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Andrew R. Feldman is a Visiting Fellow in the Center on Children and Families in the Economic Studies program at the Brookings Institution. His work and research focus on helping public agencies at the federal, state and local levels to use evidence and innovation to better achieve their missions. He is an expert in public sector management and innovation, as well as evidence-based strategies to reduce poverty and expand opportunity.

He also hosts the Gov Innovator podcast, via web and iTunes. It features more than 100 interviews with leading experts about innovative, results-focused government.

During 2015, Feldman served as the Special Advisor for Evidence-Based Policy in the Office of the Deputy Secretary at the U.S. Department of Education. He also created and led the Innovation Exchange series of workshops for federal employees, including workshops on performance management, behavioral insights, strengthening a culture of learning and results, and outcome-focused grant designs.

From 2012 to 2014, he served as a Special Advisor on the Evidence Team at the White House Office of Management and Budget (OMB). He received a special achievement award in 2014 from OMB for his work with agencies to strengthen their use of evidence and innovation.

Feldman’s previous roles include being one of the top three appointed leaders at Wisconsin’s labor department, an agency of 1,600, under Governor Jim Doyle; a Senior Policy Advisor in the Office of Governor Doyle; Special Assistant to the Secretary of Administration and Finance in Massachusetts; Staff Economist at the White House Council of Economic Advisors in the Clinton Administration; and Special Assistant to the President at MDRC, the social policy research organization.

He enjoys teaching when he can. Most recently, while working in Madison, he taught the advanced public management course at UW-Madison’s La Follette School of Public Affairs in 2012.

His book What Works in Work-First Welfare (Upjohn Institute Press) examines why some welfare-to-work programs are better than others at helping people become and stay employed. It uses qualitative field research combined with data on 14,000 participants in New York City, with random assignment of participants to programs within boroughs.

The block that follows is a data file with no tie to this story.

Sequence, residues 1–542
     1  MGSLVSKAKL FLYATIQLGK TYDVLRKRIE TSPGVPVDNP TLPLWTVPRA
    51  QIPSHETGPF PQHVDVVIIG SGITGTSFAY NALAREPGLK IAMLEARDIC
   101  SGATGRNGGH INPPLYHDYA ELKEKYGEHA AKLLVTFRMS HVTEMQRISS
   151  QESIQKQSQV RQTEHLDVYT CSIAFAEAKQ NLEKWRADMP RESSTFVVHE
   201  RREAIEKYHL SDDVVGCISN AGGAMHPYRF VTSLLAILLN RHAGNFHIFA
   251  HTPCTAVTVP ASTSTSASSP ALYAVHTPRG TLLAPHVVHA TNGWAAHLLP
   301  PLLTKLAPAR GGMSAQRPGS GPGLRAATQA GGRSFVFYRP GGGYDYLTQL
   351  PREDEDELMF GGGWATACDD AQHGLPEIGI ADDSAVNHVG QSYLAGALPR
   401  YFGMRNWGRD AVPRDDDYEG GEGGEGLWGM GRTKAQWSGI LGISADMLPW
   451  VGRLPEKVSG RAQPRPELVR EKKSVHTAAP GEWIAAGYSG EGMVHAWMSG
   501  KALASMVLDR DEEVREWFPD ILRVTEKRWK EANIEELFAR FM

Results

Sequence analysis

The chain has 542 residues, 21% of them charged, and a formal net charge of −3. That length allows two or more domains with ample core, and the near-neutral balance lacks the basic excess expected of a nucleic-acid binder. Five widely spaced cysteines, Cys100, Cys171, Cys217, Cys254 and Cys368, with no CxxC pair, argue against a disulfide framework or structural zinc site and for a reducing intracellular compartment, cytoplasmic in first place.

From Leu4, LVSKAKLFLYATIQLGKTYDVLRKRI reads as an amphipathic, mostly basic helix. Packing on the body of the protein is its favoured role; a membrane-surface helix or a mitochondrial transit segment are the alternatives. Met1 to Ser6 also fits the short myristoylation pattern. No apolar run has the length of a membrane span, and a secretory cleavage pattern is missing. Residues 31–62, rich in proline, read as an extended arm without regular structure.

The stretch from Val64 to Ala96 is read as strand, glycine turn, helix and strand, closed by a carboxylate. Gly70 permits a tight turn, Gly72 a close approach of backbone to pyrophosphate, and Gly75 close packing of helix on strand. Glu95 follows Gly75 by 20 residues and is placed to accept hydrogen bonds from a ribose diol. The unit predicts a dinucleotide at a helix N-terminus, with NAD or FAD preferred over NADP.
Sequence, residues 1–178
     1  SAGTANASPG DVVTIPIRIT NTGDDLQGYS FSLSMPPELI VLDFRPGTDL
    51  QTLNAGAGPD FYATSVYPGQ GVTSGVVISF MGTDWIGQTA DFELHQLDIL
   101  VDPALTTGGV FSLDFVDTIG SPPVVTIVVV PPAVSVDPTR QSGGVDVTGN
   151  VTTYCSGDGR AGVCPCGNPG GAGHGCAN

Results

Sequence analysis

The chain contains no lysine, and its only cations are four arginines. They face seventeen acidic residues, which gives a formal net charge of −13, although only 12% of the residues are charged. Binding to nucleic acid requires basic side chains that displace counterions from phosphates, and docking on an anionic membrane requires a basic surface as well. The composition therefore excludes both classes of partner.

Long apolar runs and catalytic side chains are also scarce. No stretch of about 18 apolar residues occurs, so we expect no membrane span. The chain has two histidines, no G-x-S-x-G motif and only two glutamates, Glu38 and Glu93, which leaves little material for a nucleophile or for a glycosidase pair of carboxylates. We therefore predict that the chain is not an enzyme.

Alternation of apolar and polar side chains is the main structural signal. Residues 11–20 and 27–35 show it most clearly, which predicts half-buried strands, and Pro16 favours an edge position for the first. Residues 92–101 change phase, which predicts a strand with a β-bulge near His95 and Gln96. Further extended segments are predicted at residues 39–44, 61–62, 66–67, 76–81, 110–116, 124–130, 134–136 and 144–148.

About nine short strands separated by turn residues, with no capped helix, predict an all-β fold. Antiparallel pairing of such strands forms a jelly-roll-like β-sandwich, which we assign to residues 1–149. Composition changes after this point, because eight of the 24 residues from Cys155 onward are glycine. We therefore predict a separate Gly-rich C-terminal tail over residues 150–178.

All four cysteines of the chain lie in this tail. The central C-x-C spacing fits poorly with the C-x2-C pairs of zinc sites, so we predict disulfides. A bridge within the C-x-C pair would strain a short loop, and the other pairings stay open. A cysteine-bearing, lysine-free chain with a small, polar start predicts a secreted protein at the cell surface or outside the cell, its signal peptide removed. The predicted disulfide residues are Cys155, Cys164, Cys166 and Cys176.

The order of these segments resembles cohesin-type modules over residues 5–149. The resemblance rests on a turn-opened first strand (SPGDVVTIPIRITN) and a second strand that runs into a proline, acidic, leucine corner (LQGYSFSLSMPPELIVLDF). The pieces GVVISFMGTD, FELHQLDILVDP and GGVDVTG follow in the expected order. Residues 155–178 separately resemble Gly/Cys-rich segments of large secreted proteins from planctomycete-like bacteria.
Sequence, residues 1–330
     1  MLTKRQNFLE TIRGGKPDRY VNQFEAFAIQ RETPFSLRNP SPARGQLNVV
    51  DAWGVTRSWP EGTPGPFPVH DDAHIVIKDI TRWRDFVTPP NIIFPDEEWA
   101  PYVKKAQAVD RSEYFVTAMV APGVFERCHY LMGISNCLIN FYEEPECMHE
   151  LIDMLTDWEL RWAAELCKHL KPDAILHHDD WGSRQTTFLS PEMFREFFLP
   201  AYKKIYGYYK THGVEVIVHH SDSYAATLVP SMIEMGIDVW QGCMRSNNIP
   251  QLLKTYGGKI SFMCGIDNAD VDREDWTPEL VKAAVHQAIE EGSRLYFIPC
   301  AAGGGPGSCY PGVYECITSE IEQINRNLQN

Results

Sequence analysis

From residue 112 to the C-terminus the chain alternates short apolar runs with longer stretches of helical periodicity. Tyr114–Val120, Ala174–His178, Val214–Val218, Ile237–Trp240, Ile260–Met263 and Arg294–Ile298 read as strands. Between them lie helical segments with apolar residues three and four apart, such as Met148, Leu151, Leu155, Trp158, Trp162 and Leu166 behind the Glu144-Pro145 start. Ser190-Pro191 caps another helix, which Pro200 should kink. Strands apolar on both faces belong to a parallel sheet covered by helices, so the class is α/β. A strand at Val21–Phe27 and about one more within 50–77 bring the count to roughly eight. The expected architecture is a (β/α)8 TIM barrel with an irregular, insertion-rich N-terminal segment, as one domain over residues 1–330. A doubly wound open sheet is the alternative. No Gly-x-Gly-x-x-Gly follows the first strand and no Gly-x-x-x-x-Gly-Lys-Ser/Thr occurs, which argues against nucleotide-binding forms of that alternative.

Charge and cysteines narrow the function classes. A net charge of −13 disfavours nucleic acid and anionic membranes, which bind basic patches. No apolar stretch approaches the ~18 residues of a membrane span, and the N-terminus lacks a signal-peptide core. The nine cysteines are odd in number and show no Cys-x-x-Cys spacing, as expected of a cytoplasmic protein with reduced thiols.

A native of Milwaukee, Wisconsin, Feldman has an undergraduate degree in economics from Swarthmore College, a master’s degree in public policy from the Harvard Kennedy School, and a doctoral degree in public policy from Harvard University.

Andrew R. Feldman is a Visiting Fellow in the Center on Children and Families in the Economic Studies program at the Brookings Institution. His work and research focus on helping public agencies at the federal, state and local levels to use evidence and innovation to better achieve their missions. He is an expert in public sector management and innovation, as well as evidence-based strategies to reduce poverty and expand opportunity.

He also hosts the Gov Innovator podcast, via web and iTunes. It features more than 100 interviews with leading experts about innovative, results-focused government.

During 2015, Feldman served as the Special Advisor for Evidence-Based Policy in the Office of the Deputy Secretary at the U.S. Department of Education. He also created and led the Innovation Exchange series of workshops for federal employees, including workshops on performance management, behavioral insights, strengthening a culture of learning and results, and outcome-focused grant designs.

From 2012 to 2014, he served as a Special Advisor on the Evidence Team at the White House Office of Management and Budget (OMB). He received a special achievement award in 2014 from OMB for his work with agencies to strengthen their use of evidence and innovation.

Feldman’s previous roles include being one of the top three appointed leaders at Wisconsin’s labor department, an agency of 1,600, under Governor Jim Doyle; a Senior Policy Advisor in the Office of Governor Doyle; Special Assistant to the Secretary of Administration and Finance in Massachusetts; Staff Economist at the White House Council of Economic Advisors in the Clinton Administration; and Special Assistant to the President at MDRC, the social policy research organization.

He enjoys teaching when he can. Most recently, while working in Madison, he taught the advanced public management course at UW-Madison’s La Follette School of Public Affairs in 2012.

His book What Works in Work-First Welfare (Upjohn Institute Press) examines why some welfare-to-work programs are better than others at helping people become and stay employed. It uses qualitative field research combined with data on 14,000 participants in New York City, with random assignment of participants to programs within boroughs.

A native of Milwaukee, Wisconsin, Feldman has an undergraduate degree in economics from Swarthmore College, a master’s degree in public policy from the Harvard Kennedy School, and a doctoral degree in public policy from Harvard University.

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